Psychologically as well a warm up becomes something players don’t want to do. Children ask to have a match. The reason is they know their own mind. Therefore as they turn up, put them straight into a game. 1v1, 2v1, 2v2, and so on until they are all there at the session. Once you get to 3v3 or 4v4 set up another pitch. They will soon set this up themselves as it will become a habit. This is also good mental preparation for playing an actual match. Each player will have their own mental preparation routine. You might not know this but they will. Don’t coach them in this period – let them play and let them socialise. They are actually ‘warming up’ anyway if you want to look into research reasons for doing so and believe them.

How many coaches then ask the kids, “from those games, what do we need to practice to improve our game?” each answer will be different. Then again as part of mental and technical preparation, they can go and practice the thing they’ve just mentioned. Groups may form or individuals may go practice. Let them go and set up their own practices, however young. They are now responsible for their own learning and developing their own self coaching skills.

So, the warm up has turned into a session without the kids knowing, without the coach planning and with lots of playing and learning. Then you might have a section you want to work on. Do your section, make it flow and ask them again through the session and what they want to go on to, how they can progress it and change the rules and expectations etc. Your planning outcomes therefore have never been better you just didn’t waste half and hour writing them down.

“But premier league players stretch and do widths of a pitch”

This is true! Can’t deny that. I still don’t know why though apart from having a mental routine. As Pirlo stated and if you watch players like Ronaldo they will practice things to get their mind in tune that they want to do on the pitch. Ronaldo practices the habits of dribbling and 1v1 tricks to beat opponents before every game, we all know he can do them but he has a routine that is for mental preparation more than physical. Hes firing up the nervous system to create his habits into confident movements. Something he does daily. Another reason that individuals must have time to focus on their own if they need to do this. Many warm ups are done as a team. A comment from an Afghanistan hero stated he didn’t stretch his hamstrings before running for cover from bombs and gun fire. He just ran. And he never got injured.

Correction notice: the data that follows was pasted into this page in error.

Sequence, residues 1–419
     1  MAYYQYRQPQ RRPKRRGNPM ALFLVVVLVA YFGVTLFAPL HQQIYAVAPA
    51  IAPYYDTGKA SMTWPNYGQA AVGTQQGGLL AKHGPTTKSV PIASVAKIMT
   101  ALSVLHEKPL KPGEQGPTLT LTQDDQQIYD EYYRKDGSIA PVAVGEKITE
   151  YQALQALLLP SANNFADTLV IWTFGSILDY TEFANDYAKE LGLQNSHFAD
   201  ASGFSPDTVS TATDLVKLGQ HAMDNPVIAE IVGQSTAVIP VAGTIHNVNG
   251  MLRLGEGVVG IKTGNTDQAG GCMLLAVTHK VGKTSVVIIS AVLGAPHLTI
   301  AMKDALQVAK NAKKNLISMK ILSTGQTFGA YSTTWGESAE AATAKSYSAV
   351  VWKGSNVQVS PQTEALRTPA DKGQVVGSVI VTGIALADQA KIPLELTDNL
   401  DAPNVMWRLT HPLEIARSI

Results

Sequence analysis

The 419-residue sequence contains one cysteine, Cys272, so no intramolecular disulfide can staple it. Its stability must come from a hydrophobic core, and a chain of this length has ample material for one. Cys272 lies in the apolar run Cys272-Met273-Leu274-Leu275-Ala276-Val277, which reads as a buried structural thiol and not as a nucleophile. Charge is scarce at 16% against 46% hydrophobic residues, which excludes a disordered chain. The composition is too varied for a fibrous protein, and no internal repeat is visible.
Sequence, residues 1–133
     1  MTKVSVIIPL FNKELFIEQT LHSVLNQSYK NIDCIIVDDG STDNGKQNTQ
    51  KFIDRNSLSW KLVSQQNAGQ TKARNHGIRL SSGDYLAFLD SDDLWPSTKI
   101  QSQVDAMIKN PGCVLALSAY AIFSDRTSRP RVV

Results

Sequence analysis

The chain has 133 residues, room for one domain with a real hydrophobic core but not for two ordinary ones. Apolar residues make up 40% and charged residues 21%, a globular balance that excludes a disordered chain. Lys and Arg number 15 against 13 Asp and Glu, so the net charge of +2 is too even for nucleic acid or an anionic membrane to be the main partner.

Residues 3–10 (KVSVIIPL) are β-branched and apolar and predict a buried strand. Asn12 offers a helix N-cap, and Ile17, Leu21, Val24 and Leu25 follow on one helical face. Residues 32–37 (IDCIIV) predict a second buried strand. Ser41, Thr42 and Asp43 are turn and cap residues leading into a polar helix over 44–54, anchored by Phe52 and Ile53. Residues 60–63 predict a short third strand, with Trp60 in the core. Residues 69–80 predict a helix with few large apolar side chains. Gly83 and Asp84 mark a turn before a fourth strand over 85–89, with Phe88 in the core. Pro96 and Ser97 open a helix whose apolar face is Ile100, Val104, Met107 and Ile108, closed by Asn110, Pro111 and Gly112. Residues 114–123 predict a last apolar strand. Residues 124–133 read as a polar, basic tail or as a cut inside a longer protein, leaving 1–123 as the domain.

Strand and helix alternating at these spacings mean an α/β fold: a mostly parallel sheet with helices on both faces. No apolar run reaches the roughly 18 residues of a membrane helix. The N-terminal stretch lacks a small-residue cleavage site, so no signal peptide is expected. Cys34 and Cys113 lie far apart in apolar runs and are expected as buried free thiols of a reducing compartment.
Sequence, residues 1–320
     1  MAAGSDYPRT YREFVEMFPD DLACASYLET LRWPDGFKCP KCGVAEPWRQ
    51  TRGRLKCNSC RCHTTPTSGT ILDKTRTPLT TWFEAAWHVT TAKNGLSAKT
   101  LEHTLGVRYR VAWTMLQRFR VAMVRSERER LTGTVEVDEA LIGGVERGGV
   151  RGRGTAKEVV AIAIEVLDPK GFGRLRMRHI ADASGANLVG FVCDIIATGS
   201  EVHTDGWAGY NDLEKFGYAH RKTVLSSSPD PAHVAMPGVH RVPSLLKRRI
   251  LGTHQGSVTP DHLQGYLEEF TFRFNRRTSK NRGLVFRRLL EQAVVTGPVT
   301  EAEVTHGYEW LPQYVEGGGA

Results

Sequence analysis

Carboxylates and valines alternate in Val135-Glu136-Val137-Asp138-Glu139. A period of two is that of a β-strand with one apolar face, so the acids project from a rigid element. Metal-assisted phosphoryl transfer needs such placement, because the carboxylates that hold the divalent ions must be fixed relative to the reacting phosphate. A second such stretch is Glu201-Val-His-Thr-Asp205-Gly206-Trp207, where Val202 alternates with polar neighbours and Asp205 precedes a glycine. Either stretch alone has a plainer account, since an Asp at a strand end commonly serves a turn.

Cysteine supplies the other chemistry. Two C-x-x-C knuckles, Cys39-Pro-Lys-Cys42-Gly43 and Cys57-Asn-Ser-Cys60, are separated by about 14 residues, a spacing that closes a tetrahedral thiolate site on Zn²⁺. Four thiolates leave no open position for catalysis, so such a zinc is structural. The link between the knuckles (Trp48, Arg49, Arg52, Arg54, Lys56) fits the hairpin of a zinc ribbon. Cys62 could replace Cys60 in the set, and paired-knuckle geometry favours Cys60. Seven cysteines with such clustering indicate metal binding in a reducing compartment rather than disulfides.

Maybe that links the mental factor of being prepared. Maybe muscle injuries should be more linked to poor mental direction and loss of focus and concentration. If you’re in the zone and your mind wanders, you are more likely to make a wrong turn or movement.

A coach must not feel they have to justify traditional views. What is best for your players, both team and individuals is more important than any sheets of paper and assessors.

We all know football is a dynamic game. So therefore people say use dynamic stretching. Lunges, squats, etc again are seen on tv screens. Some are done in a game for example a tackle might just about relate to a block tackle if one knee is bent. I’m not saying players should perform these movements in gyms for fitness reasons weekly but again can dynamic movements that happen in a game just be recreated by playing a game. If you watch players closely, some do warm ups to the best of their ability but I reckon most don’t. As you get older you do find ways to cheat. When the balls come out and you see the reaction of the faces of players its clear what they want. They immediately spring into action and again some players might do headers, sprints etc. this is for their own purpose, more mental than physical gain.